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Introducing the Cloud Shuffle Storage Plugin for Apache Spark | Amazon Web Services – News Opener

AWS Glue is a serverless data integration service that makes it easy to discover, prepare, and combine data for analytics, machine learning (ML), and application development. In AWS Glue, you can use Apache Spark, an open-source, distributed processing system for your data integration tasks and big data workloads.

Apache Spark utilizes in-memory caching and optimized query execution for fast analytic queries against your datasets, which are split into multiple Spark partitions on different nodes so that you can process a large amount of data in parallel. In Apache Spark, shuffling happens when data needs to be redistributed across the cluster. During a shuffle, data is written to local disk and transferred across the network. The shuffle operation is often constrained by the available local disk capacity, or data skew, which can cause straggling executors. Spark often throws a No space left on device or MetadataFetchFailedException error when there isn’t enough disk space left on the executor and there is no recovery. Such Spark jobs can’t typically succeed without adding additional compute and attached storage, wherein compute is often idle, and results in additional cost.

In 2021, we launched Amazon S3 shuffle for AWS Glue 2.0 with Spark 2.4. This feature disaggregated Spark compute and shuffle storage by utilizing Amazon Simple Storage Service (Amazon S3) to store Spark shuffle files. Using Amazon S3 for Spark shuffle storage enabled you to run data-intensive workloads more reliably. After the launch, we continued investing in this area, and collected customer feedback.

Today, we’re pleased to release Cloud Shuffle Storage Plugin for Apache Spark. It supports the latest Apache Spark 3.x distribution so you can take advantage of the plugin in AWS Glue or any other Spark environments. It’s now also natively available to use in AWS Glue Spark jobs on AWS Glue 3.0 and the latest AWS Glue version 4.0 without requiring any extra setup or bringing external libraries. Like the Amazon S3 shuffle for AWS Glue 2.0, the Cloud Shuffle Storage Plugin helps you solve constrained disk space errors during shuffle in serverless Spark environments.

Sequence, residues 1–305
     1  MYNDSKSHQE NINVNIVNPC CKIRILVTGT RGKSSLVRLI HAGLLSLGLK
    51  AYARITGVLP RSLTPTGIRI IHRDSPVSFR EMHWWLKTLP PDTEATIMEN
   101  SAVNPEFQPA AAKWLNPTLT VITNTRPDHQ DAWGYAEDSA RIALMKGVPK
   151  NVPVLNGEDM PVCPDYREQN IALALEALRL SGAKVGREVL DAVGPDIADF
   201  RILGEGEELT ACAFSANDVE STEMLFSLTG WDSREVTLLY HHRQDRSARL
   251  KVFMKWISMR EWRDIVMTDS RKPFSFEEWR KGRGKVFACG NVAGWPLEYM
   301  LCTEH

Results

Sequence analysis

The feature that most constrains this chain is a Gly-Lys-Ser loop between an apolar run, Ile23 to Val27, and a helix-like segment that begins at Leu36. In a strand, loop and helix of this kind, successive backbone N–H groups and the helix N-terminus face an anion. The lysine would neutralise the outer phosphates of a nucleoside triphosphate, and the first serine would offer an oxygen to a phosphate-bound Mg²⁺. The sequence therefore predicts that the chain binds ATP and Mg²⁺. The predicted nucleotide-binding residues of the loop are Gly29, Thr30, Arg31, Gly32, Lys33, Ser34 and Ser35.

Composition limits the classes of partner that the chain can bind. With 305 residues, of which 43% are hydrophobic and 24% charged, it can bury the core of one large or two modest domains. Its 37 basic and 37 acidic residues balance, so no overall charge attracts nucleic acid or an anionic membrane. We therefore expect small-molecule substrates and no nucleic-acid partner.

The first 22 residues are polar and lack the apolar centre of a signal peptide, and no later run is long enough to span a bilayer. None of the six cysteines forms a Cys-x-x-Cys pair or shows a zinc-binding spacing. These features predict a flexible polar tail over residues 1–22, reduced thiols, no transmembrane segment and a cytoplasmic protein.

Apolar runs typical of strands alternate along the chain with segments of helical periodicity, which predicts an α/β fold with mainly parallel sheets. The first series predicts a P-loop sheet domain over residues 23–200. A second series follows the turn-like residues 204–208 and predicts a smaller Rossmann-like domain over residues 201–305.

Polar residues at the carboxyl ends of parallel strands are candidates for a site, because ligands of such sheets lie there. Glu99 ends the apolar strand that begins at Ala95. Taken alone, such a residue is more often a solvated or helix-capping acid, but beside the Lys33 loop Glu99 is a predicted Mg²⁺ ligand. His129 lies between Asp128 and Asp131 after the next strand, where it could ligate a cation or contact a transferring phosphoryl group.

We’re also excited to announce the release of software binaries for the Cloud Shuffle Storage Plugin for Apache Spark under the Apache 2.0 license. You can download the binaries and run them on any Spark environment. The new plugin is open-cloud, comes with out-of-the box support for Amazon S3, and can be easily configured to use other forms of cloud storage such as Google Cloud Storage and Microsoft Azure Blob Storage.

Understanding a shuffle operation in Apache Spark

In Apache Spark, there are two types of transformations:

  • Narrow transformation – This includes map, filter, union, and mapPartition, where each input partition contributes to only one output partition.
  • Wide transformation – This includes join, groupBykey, reduceByKey, and repartition, where each input partition contributes to many output partitions. Spark SQL queries including JOIN, ORDER BY, GROUP BY require wide transformations.

A wide transformation triggers a shuffle, which occurs whenever data is reorganized into new partitions with each key assigned to one of them. During a shuffle phase, all Spark map tasks write shuffle data to a local disk that is then transferred across the network and fetched by Spark reduce tasks. The volume of data shuffled is visible in the Spark UI. When shuffle writes take up more space than the local available disk capacity, it causes a No space left on device error.

To illustrate one of the typical scenarios, let’s use the query q80.sql from the standard TPC-DS 3 TB dataset as an example. This query attempts to calculate the total sales, returns, and eventual profit realized during a specific time frame. It involves multiple wide transformations (shuffles) caused by left outer join and group by.

Let’s run the following query on AWS Glue 3.0 job with 10 G1.X workers where a total of 640GB of local disk space is available:

with ssr as
 (select  s_store_id as store_id,
          sum(ss_ext_sales_price) as sales,
          sum(coalesce(sr_return_amt, 0)) as returns,
          sum(ss_net_profit - coalesce(sr_net_loss, 0)) as profit
  from store_sales left outer join store_returns on
         (ss_item_sk = sr_item_sk and ss_ticket_number = sr_ticket_number),
     date_dim, store, item, promotion
 where ss_sold_date_sk = d_date_sk
       and d_date between cast('2000-08-23' as date)
                  and (cast('2000-08-23' as date) + interval '30' day)
       and ss_store_sk = s_store_sk
       and ss_item_sk = i_item_sk
       and i_current_price > 50
       and ss_promo_sk = p_promo_sk
       and p_channel_tv = 'N'
 group by s_store_id),
 csr as